So, it's finally here. It's the day of your job interview and you're nervous. Don't stress, just do your best.
Proper preparation is key and will ease any anxiety you may have.
Here are a few tips to help you make a good first impression:
Eat a healthy breakfast. Foods high in antioxidants, omega-3 fatty acids and Vitamin E (such as nuts and seeds) improve mental alertness.
Dress to Impress:
Appearances matter so dress your best. This promotes your professional image (brand) and boosts your confidence.
Make sure your appropriate attire is neat, tidy and presentable. Dress smartly (formally), conservatively and professionally.
Avoid wearing bright, flamboyant clothes. Rather choose neutral, subdued or dark colours such as browns, blues, tans/beige, grays and black.
Make sure your clothes are clean and aren’t wrinkled. Keep your make-up looking natural. Don’t wear too much jewellery.
Good personal hygiene is also important. Make sure you are clean and well-groomed, especially your hair and nails. If your hair or beard is too long, get a haircut or a clean shave.
The company dress code usually depends on the type of job you are applying for and the sector it is in.
It is better to be appropriately over-dressed than too casually under-dressed. Ask the recruiter or receptionist beforehand if you are unsure.
Never arrive late. Arrive 15 - 20 minutes early instead, before the interview begins.
Use the bathroom. Check your hair and outfit. Make sure it is clean and neat.
Greet everyone when you arrive. Look people in the eye when you speak to them. Smile confidently.
Be friendly, polite and courteous to everyone you meet, from the receptionist to the interviewer or hiring manager.
Don't use your phone or other electronic devices while waiting. Rather read a book, trade magazine or review your CV. Doing this gives off a better impression.
Say “please” and “thank you”.
Greet your interviewer or hiring manager as soon as you meet them.
Look them in the eye and smile confidently. Then say, “It’s a pleasure to meet you...” Greet them by their official title (Mr./Ms./Dr. etc.) and their surname. Shake their hand/s firmly.
Ask the receptionist or recruiter before the interview if you unsure of the pronunciation or your interviewer’s name.
Wait until someone offers you a seat. Once seated, maintain eye contact and smile confidently. Be careful not to smile too much though as this may indicate you are not serious.
Try not to slouch in your chair. Rather sit upright or lean forward slightly. Listen carefully to what the interviewer is saying. Don’t chew any gum during the interview.
Show confidence and enthusiasm for the job position and the company but don’t act like you are desperate for any kind of job opportunity.
Start with a strong statement. Then briefly state your job title and how many years of experience you have in the industry.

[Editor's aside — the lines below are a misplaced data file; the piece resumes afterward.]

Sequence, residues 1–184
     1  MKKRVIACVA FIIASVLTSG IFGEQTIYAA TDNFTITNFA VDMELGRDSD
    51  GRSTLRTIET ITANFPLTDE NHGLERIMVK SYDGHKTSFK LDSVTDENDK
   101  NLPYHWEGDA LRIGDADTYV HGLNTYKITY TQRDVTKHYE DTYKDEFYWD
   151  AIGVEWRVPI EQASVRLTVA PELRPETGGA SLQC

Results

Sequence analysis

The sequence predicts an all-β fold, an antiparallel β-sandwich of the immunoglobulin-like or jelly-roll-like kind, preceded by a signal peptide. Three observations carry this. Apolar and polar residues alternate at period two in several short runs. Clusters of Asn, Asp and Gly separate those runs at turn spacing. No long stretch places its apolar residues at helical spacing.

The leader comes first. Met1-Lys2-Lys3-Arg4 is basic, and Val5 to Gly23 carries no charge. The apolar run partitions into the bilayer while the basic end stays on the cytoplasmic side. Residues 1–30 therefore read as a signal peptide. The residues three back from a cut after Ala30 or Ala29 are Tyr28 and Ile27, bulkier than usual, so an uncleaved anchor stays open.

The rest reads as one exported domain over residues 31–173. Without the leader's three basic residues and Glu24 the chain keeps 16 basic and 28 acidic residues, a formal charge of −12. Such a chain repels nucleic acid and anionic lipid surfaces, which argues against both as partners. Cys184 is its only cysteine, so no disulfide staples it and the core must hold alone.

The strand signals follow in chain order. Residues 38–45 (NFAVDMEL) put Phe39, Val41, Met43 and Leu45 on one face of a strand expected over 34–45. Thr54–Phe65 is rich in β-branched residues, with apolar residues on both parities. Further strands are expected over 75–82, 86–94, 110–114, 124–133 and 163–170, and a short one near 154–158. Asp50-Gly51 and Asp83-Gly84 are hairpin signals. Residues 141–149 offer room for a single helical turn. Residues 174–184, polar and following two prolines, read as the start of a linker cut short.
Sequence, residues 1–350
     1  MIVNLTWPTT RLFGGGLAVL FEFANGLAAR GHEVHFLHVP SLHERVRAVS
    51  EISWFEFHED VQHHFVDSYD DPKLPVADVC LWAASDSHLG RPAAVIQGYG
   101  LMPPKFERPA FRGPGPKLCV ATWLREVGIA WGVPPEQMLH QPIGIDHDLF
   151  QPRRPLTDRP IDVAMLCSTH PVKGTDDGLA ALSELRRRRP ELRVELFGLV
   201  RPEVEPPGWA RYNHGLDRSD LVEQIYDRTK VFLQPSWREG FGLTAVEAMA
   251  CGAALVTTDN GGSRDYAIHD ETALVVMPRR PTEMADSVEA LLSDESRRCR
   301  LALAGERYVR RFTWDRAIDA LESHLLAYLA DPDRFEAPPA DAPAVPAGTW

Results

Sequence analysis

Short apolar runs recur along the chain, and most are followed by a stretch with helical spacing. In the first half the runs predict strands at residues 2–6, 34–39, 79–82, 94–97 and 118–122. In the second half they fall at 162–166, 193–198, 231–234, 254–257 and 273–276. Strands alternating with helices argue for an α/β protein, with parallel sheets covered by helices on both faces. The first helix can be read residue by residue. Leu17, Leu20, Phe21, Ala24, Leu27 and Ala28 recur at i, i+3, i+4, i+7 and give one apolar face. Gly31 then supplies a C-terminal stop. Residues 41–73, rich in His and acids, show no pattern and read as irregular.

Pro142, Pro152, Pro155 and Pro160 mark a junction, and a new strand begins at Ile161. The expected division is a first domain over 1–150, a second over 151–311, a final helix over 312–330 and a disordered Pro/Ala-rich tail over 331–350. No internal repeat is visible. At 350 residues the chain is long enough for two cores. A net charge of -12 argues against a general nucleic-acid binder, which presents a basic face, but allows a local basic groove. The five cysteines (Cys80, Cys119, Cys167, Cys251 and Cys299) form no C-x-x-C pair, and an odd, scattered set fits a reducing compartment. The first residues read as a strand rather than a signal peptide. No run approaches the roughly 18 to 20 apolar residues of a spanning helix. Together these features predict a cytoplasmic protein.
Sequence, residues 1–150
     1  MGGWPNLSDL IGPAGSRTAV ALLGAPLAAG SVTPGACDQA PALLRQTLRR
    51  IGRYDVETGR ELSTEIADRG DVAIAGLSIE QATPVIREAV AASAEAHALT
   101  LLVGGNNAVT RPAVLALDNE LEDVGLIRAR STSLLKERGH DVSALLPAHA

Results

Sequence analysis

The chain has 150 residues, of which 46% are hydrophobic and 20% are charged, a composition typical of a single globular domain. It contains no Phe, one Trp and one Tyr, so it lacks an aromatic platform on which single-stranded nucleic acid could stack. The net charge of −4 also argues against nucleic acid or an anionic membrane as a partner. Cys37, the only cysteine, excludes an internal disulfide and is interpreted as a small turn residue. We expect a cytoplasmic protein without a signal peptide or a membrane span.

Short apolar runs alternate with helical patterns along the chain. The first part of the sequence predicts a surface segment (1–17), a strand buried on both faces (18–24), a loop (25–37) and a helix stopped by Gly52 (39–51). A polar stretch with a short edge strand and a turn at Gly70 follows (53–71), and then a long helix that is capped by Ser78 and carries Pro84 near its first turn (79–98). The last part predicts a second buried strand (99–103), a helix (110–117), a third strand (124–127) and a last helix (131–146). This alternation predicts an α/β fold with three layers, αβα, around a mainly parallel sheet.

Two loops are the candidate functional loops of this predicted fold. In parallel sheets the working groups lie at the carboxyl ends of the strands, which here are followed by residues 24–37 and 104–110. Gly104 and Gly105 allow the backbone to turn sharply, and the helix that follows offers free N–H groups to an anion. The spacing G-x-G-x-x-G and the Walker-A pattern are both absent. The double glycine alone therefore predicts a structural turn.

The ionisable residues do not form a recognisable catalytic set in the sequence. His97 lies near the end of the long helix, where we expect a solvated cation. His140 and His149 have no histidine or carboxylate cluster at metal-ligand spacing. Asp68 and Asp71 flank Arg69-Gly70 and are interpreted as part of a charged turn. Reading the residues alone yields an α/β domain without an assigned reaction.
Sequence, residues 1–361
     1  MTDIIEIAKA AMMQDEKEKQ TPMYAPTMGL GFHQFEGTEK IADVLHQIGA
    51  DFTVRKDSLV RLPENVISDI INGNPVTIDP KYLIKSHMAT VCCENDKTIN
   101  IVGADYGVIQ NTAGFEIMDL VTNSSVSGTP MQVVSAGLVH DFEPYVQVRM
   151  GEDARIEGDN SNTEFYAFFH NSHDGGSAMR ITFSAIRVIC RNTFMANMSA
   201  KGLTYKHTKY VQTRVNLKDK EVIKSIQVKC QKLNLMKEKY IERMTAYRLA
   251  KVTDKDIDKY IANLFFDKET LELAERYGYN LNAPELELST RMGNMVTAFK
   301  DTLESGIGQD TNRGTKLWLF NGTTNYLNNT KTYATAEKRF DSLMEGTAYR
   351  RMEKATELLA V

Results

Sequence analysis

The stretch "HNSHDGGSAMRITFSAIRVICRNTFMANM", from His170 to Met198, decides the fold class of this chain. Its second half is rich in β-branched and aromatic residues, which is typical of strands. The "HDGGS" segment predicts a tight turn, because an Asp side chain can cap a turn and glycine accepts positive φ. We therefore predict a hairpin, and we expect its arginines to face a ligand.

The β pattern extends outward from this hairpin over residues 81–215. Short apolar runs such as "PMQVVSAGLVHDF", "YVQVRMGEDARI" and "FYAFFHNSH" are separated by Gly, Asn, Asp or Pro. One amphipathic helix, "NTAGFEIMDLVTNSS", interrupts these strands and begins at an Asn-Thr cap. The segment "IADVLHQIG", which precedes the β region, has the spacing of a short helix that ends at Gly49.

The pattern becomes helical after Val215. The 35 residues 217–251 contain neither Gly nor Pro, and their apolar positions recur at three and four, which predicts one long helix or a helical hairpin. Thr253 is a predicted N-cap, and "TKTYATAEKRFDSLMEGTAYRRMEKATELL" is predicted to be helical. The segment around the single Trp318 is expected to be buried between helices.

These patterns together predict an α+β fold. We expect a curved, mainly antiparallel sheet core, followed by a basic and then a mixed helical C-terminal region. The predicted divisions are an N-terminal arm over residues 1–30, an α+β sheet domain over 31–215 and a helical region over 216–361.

Follow this with a summarised career history leading up to your current position.
Try to structure your responses into 30-90 second chunks. Avoid sounding too robotic though by giving stiff, scripted responses.
The interview should have a conversational flow, instead of a structured question and answer speech.
Persuade your interviewer by selling your unique knowledge, skills, talents and abilities. Emphasise why you are a good fit for the job.
Explain and motivate your sales pitch using examples. Be open, honest and sincere.
Let your charisma and personality shine.
Think of some Questions:
Think of a few relevant questions beforehand which you can ask your interviewer. Don’t ask too many though as it may seem as if you have not done any research.
Some questions can include:
1) Who would make the ideal candidate for this position?
2) How will the work I’ll be doing contribute to the organization’s mission?
3) What were the best things about the last person who held this position?
4) What are three ways I can contribute to the company beyond the job description?
5) How can I best contribute to the department’s goals?
6) How do you see me best contributing to the corporate culture and morale?
7) What do you see as the biggest challenges of working here and how can I overcome those challenges?
8) What is your vision for where the company or department will be in one year? In 3-5 years?
9) How can I best help you and the team succeed?
10) What are the chances for professional growth in this job opportunity?
When the conversation becomes stilted, take out your portfolio of work samples. Briefly talk about a few of your main work samples and any previous projects you participated in.
This portfolio will help prove your skills and promote your talents.
So, what now?
When the interview is finished ask your interviewer, “What happens next?” Are there any follow up interviews or meetings. Do you have to take a test etc.
Pic Credit: Karen Vaughn, The First Lady Files, W TLC Naptown